Flow and Thermal Energy Measurement in Pharmaceutical Production

Flow and Thermal Energy Measurement in Pharmaceutical Production

The production facilities and research and development labs of a global pharmaceuticals company have launched a program that provides several measures to reduce energy consumption (and thus CO2 emissions) by optimising production processes. The first step in an effective plan to reduce CO2 is to establish procedures for systematic recording of energy consumption.

With 90 buildings in an area of 36 hectares, the french site of the company forms a complex and extensive infrastructure network. Demineralised water and hot water are among the process media provided in a central system. In order to be able to measure their consumption by individual production units, the plant engineers decided to fit measuring points with clamp-on ultrasonic technology. The advantages of non-invasive measuring technology are obvious: 100% hygienic measurement from outside and no interruption to production when setting up measuring points. The engineers also wanted to avoid any possible pipe work, in particular on the hot water network where water circulates under pressure at temperatures of ~170 °C.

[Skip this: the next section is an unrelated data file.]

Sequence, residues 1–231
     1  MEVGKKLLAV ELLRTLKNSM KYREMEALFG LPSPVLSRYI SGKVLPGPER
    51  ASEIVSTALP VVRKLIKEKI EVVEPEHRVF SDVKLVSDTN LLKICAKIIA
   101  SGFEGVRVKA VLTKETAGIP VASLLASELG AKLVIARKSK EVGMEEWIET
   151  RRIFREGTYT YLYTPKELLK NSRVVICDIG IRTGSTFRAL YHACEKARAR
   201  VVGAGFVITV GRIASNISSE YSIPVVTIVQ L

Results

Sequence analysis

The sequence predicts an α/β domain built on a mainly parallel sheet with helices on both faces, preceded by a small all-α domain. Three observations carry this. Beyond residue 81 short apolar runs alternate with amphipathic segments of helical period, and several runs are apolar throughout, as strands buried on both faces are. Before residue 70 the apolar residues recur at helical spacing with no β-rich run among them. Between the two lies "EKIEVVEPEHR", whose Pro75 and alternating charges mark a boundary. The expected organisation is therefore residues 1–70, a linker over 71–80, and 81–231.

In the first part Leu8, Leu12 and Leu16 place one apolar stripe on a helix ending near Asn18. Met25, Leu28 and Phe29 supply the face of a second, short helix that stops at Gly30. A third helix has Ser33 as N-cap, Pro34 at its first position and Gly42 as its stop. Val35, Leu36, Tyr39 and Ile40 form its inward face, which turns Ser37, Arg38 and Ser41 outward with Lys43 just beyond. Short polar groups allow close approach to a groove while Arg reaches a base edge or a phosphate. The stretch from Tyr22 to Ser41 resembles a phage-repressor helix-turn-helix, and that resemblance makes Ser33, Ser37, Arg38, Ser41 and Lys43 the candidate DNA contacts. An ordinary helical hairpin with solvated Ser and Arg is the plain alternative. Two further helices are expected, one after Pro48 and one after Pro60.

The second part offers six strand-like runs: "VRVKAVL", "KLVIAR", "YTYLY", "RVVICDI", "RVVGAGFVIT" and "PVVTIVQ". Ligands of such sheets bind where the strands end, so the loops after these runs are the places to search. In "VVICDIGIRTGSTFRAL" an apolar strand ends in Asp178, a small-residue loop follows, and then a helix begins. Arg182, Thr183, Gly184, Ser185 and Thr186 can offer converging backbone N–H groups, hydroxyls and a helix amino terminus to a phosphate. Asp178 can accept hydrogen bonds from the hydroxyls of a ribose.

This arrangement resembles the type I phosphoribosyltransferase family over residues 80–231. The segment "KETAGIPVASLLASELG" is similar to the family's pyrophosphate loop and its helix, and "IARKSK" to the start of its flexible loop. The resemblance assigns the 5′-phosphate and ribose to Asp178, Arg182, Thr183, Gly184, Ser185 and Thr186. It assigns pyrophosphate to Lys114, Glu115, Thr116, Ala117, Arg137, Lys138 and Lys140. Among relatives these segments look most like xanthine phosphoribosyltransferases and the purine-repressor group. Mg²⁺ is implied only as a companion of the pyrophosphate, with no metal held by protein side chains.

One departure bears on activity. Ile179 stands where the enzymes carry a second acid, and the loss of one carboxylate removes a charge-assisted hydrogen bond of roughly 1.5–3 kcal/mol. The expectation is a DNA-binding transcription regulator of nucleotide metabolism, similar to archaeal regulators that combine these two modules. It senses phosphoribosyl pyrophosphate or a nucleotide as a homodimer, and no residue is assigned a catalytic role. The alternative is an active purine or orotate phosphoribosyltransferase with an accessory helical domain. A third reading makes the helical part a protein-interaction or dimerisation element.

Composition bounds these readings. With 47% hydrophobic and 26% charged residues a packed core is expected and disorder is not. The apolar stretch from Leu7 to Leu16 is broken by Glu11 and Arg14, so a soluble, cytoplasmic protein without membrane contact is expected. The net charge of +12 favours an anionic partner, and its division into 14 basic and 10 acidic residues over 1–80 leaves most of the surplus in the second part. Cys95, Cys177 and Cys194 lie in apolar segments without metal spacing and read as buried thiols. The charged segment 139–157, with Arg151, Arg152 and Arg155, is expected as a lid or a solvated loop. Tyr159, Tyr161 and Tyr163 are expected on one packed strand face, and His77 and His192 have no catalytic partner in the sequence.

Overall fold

Before deciding on a provider, several clamp-on systems were tested and evaluated. The operator decided to go for FLEXIM based on the fact that even very low flow rates with correspondingly low flow velocities (<0.1 m/s) can be accurately detected. They were also convinced by FLEXIM's transducers which can be permanently used in process temperatures up to 200 °C.


  • Reliable and accurate measurement of flow rates and thermal energy regardless of the conductivity of the medium
  • Measuring points can be set up without any pipe work or any interruption to production
  • 100% hygienic: no contact between measuring equipment and medium
  • No wear and tear caused by medium
  • Practically maintenance-free
  • Transducers for permanent operation at high temperatures
  • High measuring dynamics, accurate measurement even of the lowest flow velocities

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